I have a patient who is a college student/research assistant and works with rats. He has congestion and sneezing with exposure and wheezes at night after being in the lab. His IgE for rat urine was 27.10. Are there any studies about rat immunotherapy that I could use to attempt desensitization for this patient?


Thank you for your inquiry.

I have no personal experience with immunotherapy to rat allergen, and I was only able to find two previous articles in the literature describing successful allergen immunotherapy to rat allergen. The abstracts of these articles are copied for you below.

Thank you again for your inquiry and we hope this response is helpful to you.

Laryngorhinootologie. 2004 Aug;83(8):512-5.
[Specific immunotherapy in inhalative allergy to rat epithelium].
[Article in German]
Hansen I, Hörmann K, Klimek L.
HNO-Universitätsklinik Mannheim, Ruprecht-Karls-Universität Heidelberg.
Background: The only causal treatment that can be offered to allergic patients apart from allergen avoidance is specific immunotherapy. Its efficacy depends on the specific allergen the patient is allergic to, the quality of the extract, the total amount of allergen administered to the patient and the administration schedule.
Methods and Patient: Our patient suffered from inhalative allergy to rat epithelium with severe rhinoconjunctivitis and bronchial asthma. She regularly worked with laboratory rats as a biologist. A job-shift was impossible for the patient, and so was allergen avoidance. We therefore decided to treat the patient with specific immunotherapy. Treatment was performed as in-patient procedure with Rush-Immunotherapy in dosage increase phase. Maintenance injections were administered as out-patient.
Results: As early as some months after induction of the therapy, the patient felt subjective symptom relief, blood samples taken revealed decrease of total IgE and specific IgE towards rat epithelium. Therapy was continued for 18 months, specific IgE against rat epithelium could not be detected any more. The patient does not claim any allergy symptoms when working in the rat laboratory any more.
Conclusions: Even in unusual allergies, specific immunotherapy can be indicated. In our patient, specific immunotherapy to rat epithelium lead to complete symptom relief and enabled the patient to practise her profession without restraints.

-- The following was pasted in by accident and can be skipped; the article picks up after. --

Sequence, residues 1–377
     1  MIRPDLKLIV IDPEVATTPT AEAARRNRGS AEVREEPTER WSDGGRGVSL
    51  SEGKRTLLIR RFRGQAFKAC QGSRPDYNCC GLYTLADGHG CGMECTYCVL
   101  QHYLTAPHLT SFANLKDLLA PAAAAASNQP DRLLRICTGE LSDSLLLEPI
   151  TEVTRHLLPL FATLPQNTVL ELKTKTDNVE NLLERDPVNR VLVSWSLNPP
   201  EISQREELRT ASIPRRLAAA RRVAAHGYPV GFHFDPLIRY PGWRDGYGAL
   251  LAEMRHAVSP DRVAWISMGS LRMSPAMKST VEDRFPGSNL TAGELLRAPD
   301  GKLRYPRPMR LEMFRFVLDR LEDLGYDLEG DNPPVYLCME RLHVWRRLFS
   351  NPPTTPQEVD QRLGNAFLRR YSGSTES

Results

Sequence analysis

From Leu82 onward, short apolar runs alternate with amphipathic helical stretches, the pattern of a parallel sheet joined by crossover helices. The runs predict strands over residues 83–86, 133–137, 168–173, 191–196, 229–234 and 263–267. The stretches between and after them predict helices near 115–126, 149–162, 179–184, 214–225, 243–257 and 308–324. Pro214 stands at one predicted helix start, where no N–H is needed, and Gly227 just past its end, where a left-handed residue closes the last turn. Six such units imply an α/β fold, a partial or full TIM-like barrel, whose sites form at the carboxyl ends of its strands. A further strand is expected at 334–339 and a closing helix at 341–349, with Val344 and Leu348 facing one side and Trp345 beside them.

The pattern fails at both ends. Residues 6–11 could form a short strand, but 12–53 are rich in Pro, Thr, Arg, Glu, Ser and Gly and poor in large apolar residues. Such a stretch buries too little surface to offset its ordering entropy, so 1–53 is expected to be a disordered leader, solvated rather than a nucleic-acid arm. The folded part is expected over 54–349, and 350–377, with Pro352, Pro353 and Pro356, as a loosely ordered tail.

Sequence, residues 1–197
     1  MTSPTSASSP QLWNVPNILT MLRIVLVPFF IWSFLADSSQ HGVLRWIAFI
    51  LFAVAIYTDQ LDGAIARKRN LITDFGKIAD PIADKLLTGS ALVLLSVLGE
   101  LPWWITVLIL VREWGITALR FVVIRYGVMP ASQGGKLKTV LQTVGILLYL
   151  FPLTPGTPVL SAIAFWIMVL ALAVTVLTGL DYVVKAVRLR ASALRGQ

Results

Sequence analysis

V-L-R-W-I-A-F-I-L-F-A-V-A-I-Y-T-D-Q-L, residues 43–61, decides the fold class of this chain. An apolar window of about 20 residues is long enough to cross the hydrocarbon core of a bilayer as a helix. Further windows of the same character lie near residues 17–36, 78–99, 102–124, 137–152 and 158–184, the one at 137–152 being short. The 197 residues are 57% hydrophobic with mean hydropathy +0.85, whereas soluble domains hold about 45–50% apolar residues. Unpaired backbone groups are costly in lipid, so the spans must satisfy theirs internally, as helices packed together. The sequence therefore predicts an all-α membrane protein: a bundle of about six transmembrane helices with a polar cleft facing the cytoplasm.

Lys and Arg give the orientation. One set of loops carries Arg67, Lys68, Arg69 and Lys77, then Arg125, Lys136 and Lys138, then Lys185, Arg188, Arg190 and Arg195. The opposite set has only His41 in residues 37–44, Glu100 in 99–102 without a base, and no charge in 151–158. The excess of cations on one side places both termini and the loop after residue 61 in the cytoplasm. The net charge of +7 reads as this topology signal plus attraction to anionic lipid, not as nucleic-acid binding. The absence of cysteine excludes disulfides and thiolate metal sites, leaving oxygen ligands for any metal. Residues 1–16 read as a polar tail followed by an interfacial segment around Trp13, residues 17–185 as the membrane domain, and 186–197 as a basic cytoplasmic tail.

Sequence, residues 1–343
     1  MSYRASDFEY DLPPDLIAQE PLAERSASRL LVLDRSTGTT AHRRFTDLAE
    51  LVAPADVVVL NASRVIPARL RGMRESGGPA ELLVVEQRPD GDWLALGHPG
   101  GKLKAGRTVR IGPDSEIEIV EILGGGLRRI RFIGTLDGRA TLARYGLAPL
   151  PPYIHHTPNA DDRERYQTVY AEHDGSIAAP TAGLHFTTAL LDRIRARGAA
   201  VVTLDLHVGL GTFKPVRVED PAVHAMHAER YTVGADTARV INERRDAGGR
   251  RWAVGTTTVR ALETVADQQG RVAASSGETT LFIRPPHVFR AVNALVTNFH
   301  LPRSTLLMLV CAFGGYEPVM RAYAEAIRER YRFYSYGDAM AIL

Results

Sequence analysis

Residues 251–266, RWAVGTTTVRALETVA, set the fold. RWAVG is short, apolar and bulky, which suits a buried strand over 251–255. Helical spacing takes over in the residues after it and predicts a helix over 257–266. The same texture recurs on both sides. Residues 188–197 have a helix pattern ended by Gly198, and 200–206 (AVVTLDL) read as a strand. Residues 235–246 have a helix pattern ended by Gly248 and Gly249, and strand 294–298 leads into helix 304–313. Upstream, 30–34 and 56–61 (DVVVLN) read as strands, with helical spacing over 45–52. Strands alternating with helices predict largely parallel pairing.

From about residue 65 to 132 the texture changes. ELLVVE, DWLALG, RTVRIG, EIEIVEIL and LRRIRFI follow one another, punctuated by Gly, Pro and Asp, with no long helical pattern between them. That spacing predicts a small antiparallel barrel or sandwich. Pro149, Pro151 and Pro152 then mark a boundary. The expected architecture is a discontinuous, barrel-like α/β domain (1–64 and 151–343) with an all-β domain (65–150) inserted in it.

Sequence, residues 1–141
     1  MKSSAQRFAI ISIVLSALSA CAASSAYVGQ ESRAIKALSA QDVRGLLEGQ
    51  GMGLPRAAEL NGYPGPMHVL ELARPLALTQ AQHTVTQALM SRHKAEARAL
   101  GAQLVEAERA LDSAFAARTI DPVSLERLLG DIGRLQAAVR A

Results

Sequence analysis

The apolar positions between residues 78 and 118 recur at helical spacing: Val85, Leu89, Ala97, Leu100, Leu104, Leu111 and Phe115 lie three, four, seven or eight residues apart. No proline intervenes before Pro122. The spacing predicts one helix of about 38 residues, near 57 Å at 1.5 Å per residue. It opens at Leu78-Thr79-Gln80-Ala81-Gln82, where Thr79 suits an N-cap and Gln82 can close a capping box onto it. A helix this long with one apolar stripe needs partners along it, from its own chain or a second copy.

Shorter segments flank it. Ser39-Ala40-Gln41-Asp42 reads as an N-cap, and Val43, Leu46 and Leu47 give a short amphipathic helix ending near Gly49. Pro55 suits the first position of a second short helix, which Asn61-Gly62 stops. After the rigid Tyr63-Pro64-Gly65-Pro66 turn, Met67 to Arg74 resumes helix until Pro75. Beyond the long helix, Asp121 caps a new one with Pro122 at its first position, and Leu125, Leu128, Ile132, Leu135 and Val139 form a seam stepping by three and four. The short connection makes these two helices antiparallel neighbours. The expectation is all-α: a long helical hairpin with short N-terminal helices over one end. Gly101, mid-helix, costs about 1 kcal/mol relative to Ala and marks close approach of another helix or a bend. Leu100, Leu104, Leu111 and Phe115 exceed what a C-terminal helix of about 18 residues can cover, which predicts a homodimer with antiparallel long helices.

J Allergy Clin Immunol. 1980 Jun;65(6):413-21.
Efficacy and specificity of immunotherapy with laboratory animal allergen extracts.
Wahn U, Siraganian RP.
The clinical and immunologic response to immunotherapy with laboratory animal allergens was evaluated. There were 23 patients; 11 had received immunotherapy with 12 different extracts (five mouse, six rat, one rabbit), and 12 were matched untreated patients. As a group, nine of 23 had seasonal hay fever. Among the treated patients nine of 11 subjectively improved with immunotherapy. Blocking antibody titers were determined by serum inhibition of allergen-induced histamine release. Treated patients had mean blocking antibody levels of G30 = 59.3 +/- 38.7. In the untreated patients the antibody level was low (G30 = 4.6 +/- 3.6). The difference between the two groups was highly significant (t test p less than 0.001). The blocking antibody level correlates with both the final weekly allergen dose and also the cumulative allergen dose received during immunotherapy. When pretreatment sera were available a temporal rise in blocking antibody was demonstrated during immunotherapy. In patients allergic to several laboratory animals and treated with one allergen, the blocking antibody response was predominantly specific to the allergen used in immunotherapy. This indicates a lack of cross-reactivity in the IgG response to the major animal allergens. When immunotherapy was discontinued in four patients there was a dramatic decrease in the blocking titer, and after 24 mo the levels were the same as those of untreated patients.

Phil Lieberman, M.D.

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